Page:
Airbus Takes A New Space Charge And Plans A Special Dividend

Airbus Takes A New Space Charge And Plans A Special Dividend

A new charge of 200 million euros ($214.62 million) in its troubled Space unit dampened the cheers of record airplane orders and higher deliveries, but Europe’s Airbus announced a special dividend on Thursday.

The biggest commercial aircraft manufacturer in the world reported that core adjusted operating profit increased by 4% to 5.8 billion euros while increased by 11% to 65.4 billion euros. Core profit was projected to reach 6.5 to 7.0 billion euros in 2024.

As net cash exceeded the 10-billion-euro threshold that was previously identified as a potential trigger for returning cash to shareholders, Airbus proposed an unchanged regular dividend of 1.8 euros per share and added a special dividend of 1 euro per share.

Unlike US rival Boeing (NYSE:BA), which is beset by debt from a string of crises, Airbus is riding a wave of orders from airlines dealing with a rebound in travel demand brought on by the pandemic. This has allowed Airbus to accumulate cash reserves.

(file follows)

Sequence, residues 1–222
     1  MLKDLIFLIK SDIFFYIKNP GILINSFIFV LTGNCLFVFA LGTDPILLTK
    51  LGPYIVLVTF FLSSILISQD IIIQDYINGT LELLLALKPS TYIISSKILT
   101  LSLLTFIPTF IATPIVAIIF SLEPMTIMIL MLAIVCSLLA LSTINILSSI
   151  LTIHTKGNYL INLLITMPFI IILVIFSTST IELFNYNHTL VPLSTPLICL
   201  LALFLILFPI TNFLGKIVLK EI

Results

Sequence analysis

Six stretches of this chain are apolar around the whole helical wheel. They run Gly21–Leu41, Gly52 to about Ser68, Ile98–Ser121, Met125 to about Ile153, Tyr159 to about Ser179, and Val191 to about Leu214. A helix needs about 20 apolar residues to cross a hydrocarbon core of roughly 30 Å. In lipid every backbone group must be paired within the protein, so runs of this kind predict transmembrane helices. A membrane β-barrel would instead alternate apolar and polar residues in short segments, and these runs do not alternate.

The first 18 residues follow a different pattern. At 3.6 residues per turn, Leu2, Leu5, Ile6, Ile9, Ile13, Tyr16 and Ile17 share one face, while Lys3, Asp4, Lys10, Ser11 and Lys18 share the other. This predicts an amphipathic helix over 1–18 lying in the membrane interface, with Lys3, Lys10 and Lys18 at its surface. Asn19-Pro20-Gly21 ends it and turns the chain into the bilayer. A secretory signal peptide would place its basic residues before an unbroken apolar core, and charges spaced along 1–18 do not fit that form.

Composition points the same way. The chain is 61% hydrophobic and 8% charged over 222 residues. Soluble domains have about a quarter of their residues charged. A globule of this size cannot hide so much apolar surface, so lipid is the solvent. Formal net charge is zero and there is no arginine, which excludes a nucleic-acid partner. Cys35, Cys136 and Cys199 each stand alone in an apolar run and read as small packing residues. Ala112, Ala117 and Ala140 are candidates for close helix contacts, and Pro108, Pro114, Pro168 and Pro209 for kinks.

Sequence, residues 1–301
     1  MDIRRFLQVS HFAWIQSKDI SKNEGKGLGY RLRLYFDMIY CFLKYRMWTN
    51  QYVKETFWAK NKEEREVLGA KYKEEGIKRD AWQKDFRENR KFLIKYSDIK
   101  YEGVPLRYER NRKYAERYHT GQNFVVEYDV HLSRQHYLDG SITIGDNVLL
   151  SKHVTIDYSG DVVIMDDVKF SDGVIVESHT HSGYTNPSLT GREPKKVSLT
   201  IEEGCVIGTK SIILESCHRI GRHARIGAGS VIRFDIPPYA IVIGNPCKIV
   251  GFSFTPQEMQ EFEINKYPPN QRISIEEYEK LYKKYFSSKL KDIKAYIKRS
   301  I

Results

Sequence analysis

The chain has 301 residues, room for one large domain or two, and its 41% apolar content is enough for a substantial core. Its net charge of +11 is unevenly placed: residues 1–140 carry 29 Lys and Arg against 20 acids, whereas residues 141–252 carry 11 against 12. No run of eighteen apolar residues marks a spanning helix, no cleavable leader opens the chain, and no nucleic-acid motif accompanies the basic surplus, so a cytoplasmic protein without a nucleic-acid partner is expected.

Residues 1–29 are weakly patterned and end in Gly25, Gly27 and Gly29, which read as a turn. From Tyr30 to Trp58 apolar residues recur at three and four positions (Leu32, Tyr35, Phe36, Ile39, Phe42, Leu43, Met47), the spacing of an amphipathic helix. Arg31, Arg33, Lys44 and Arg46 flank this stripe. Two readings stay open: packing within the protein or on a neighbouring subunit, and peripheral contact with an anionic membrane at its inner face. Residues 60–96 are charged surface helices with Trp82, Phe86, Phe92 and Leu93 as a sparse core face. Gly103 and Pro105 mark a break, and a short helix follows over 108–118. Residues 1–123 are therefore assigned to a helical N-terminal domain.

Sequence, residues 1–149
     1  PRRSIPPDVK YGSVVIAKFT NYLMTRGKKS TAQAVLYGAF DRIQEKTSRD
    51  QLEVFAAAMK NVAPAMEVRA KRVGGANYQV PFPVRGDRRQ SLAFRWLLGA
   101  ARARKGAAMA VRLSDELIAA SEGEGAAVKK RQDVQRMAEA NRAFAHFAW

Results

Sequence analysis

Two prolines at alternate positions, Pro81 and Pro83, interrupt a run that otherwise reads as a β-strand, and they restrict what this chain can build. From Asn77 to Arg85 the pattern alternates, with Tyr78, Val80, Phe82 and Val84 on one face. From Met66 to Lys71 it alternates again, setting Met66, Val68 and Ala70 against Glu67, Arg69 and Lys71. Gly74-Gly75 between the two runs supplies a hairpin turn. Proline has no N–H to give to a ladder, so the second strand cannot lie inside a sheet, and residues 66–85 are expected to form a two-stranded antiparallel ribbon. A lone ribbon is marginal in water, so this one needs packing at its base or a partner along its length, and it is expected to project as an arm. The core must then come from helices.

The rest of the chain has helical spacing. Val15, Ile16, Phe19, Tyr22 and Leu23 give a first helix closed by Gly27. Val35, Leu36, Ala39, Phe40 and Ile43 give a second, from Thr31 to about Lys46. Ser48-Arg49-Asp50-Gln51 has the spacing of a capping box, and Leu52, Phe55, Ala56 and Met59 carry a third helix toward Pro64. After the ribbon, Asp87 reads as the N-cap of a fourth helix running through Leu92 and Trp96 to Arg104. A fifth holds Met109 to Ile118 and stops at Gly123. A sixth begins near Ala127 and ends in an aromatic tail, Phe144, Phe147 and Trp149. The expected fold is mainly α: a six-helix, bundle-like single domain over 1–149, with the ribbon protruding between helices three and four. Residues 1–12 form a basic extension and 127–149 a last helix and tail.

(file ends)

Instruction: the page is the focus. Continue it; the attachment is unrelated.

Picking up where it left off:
As predicted, Airbus projected 800 jet deliveries in 2024; however, it also revealed an additional postponement of the A321XLR single-aisle jet’s entry into service, originally scheduled for the second quarter, to the third. December marked the final assembly of the first customer aircraft.

If tight global supply chains or the global economy continue to remain stable, the company’s forecasts remain subject.

The charge for the Space unit brings the total amount written off in that segment to 600 million euros. This news was broken a day after Reuters revealed that Guillaume Faury, the CEO, had informed employees that such charges were “not acceptable” in the company.

According to a recent internal memo from Faury, Space Systems chief Jean-Marc Nasr is leaving his job effective next month because “it is what it is,” as Reuters reported on Wednesday. Nasr was unavailable for comment.

The charges contributed to a 40% decline in divisional Defense and Space profits to 229 million euros, while helicopter profits increased by 15%.

The United States launchers and a new wave of affordable satellites are major competitors for European companies like Airbus.

In contrast, Faury informed employees last month via letter that Airbus is better off having a strong Defense and Space division than not having one.

$1 is equivalent to 0.9319 euros.

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